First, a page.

Bill Frawley
("Fred Mertz")

"Sings the Old Ones"
Dot Records LP (1958)
TRACKS:

Pretty Baby
Moonlight Bay
Swanee River
For Me And My Gal
Dear Old Girl
Meet Me Tonight In Dreamland
June Night
Carolina In The Morning
If You Were The Only Girl In The
World
Shine On Harvest Moon
By The Light Of The Silvery Moon
I Wonder Who's Kissing Her Now
My Melancholy Baby
Cuddle Up A Little Closer
Desi Arnaz thought Frawley's vaudeville skills would come in handy, but CBS
scotched him because of his reputation as a mean drunk. So Desi proposed
a deal: Frawley could have the part as long as he didn't drink during working
hours.

When he wasn't working, or hanging out in bars with ballplayers, Frawley
loved to stand at the piano and sing old vaudeville songs. He had been a
drinking buddy to a number of Tin Pan Alley composers, and this gave him
access to some of the best tunes of the day. He introduced "Carolina In The
Mornin' " in 1923 and claimed to be the first person ever to sing "Melancholy
Baby."  It was written in the back room of a saloon, so naturally, Frawley was
the nearest available singer.  (
Click here to see him tell the story himself.)
Excerpt from Hollywood Hi-Fi...
All material copyright 1995-2007 by Pat Reeder & George Gimarc.  All rights reserved.
Despite hundreds of movie and TV roles, William Frawley will forever be remembered as stingy landlord
Fred Mertz on
I Love Lucy.  Few recall that in his youth he was a vaudeville song-and-dance man, but it
was actually those credentials that landed him the
Lucy gig.
Click on the Amazon links to hear clips  
from the albums mentioned below!
He enjoyed his vaudeville days far more than his later success on Lucy, mostly because he and Vivian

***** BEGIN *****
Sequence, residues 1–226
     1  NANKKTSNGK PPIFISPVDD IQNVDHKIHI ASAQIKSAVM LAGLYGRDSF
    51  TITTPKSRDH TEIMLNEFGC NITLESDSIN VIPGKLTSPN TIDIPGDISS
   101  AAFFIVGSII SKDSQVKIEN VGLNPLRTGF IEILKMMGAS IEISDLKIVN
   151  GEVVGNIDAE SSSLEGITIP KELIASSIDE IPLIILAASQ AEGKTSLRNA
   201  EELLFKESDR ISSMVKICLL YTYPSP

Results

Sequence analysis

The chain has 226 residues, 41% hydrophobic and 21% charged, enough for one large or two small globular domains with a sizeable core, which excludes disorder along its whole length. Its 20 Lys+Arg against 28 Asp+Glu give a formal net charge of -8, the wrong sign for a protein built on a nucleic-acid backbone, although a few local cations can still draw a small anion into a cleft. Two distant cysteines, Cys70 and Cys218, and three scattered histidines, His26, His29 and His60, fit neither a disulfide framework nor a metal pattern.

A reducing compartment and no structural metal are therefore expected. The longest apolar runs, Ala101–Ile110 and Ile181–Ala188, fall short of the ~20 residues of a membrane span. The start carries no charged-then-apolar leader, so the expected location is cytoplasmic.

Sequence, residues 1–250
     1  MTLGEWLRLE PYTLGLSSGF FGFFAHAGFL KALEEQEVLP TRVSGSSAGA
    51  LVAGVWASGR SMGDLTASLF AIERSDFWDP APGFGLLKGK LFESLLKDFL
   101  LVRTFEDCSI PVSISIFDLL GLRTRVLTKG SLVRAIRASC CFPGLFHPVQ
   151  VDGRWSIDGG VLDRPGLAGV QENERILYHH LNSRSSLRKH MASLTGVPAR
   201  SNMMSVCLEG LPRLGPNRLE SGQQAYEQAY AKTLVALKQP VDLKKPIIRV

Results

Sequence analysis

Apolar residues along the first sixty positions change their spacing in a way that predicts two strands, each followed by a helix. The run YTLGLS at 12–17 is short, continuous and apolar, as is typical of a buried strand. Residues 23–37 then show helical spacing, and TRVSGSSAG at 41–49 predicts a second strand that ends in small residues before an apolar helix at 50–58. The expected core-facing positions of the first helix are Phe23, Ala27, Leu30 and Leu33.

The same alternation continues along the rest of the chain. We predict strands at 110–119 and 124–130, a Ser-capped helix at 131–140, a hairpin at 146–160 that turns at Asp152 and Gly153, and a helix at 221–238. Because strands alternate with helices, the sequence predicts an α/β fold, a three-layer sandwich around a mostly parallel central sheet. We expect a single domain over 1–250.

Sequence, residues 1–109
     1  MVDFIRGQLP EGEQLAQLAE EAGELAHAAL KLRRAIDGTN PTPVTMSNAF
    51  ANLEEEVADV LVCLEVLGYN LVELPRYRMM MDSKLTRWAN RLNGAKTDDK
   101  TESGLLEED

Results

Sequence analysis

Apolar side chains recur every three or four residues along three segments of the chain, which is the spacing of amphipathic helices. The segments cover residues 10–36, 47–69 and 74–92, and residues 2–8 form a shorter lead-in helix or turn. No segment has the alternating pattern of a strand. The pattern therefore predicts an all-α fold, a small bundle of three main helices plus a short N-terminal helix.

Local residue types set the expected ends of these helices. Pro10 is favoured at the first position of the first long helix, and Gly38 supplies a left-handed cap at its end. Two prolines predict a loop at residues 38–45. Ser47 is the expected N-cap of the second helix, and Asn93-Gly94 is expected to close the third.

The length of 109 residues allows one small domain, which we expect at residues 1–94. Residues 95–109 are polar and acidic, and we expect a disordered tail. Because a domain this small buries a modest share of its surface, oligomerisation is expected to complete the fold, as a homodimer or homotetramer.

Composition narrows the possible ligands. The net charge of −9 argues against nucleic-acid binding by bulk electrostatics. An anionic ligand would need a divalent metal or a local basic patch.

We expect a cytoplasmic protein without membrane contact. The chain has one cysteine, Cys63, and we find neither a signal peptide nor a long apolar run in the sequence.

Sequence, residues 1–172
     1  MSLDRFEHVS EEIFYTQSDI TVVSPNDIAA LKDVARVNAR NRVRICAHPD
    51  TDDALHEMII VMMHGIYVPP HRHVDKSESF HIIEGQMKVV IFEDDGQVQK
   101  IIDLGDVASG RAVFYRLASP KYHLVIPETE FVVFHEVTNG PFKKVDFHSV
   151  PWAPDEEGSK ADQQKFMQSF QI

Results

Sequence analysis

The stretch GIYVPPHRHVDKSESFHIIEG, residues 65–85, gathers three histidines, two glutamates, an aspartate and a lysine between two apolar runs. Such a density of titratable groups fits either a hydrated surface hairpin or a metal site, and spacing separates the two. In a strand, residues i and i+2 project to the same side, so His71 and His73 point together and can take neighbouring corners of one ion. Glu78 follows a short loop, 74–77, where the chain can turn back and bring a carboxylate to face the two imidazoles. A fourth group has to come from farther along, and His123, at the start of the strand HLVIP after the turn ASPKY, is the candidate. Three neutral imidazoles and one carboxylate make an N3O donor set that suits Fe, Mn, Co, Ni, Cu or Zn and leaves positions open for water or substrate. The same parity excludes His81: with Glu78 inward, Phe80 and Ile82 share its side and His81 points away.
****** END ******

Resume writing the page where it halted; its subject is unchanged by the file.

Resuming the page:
Vance hated each other. (He called her "that no-talent, fat ass, bag of bones," among more unprintable
epithets. She affectionately dubbed him "that square-headed, drunken Irish slob," and refused to do a
Fred & Ethel spinoff series with him, "for any amount of money.") Small wonder that after eight years on
Lucy, he jumped at the chance to dig his old act out of mothballs for Dot Records and preserve it verbatim.

And that he does! The accompaniment is spare and vintage: a ukulele and snare drum on "Pretty Baby," a
banjo on "On Moonlight Bay," a tinkly piano on "Carolina." The backing is provided by a rather over-eager
barbershop quartet, while Frawley takes the leads in a "follow the bouncing ball" sing-along style, throwing
in plenty of hammy "Mmm-yassah! Is everybody happy!" schtick. When he tries to trill a high note, he
sounds a bit like Tiny Tim, but otherwise his vocal cords are amazingly smooth, considering their age and
how much scotch he's poured over them. Still, the authors are split on this album: One of us (the one who
revels in the din of alternative rock) deems it "just dreadful," while the other (the one who whiles away his
weekends playing Eddie Cantor 78s) thinks it's the cat's pajamas. We both concur, however, that as a
re-creation of a middle-of-the-bill, small-time vaudeville act of the 1920s, it is certainly authentic. We bet
there's a copy of it hidden somewhere in the back of Leon Redbone's closet.
Lucy fans will also want to dig up
Musical Moments from "I Love Lucy"
(Star Merchants LP, 1981) or the CD
Babalu Music (left), which is mostly
Desi's numbers from the TV show, but
Fred and Ethel pop up on a couple.

A good Desi Arnaz collection
(right) is
always handy for your mambo parties.  
Truly anal completists will need a copy
of the obscure song, "Old Don Juan," by
the Andrews Sisters, with a surprise
guest vocal by Desi
(far right).
Finally, of course, for fans of truly awful celebrity
singing, there's Lucy herself.  She was a comic
showgirl in a number of musicals early in her career,
but the casting directors made sure she didn't do
much vocalizing.  Yet as we all know, Lucy was
determined to sing despite all efforts to stop her.  
Her painful warbling is preserved for the ages on the
original cast LP of her 1960 Broadway musical
Wildcat, a troubled production that did introduce the
hit "Hey, Look Me Over,"
(right) and her
woefully-miscast 1972 film version of
Mame (far
right).  

But be warned: Bill Frawley once described Lucy's
fractured harmonies on one of his songs as being
"like a shovel of shit on a baked Alaska." Say,
maybe he should've been a theater critic.
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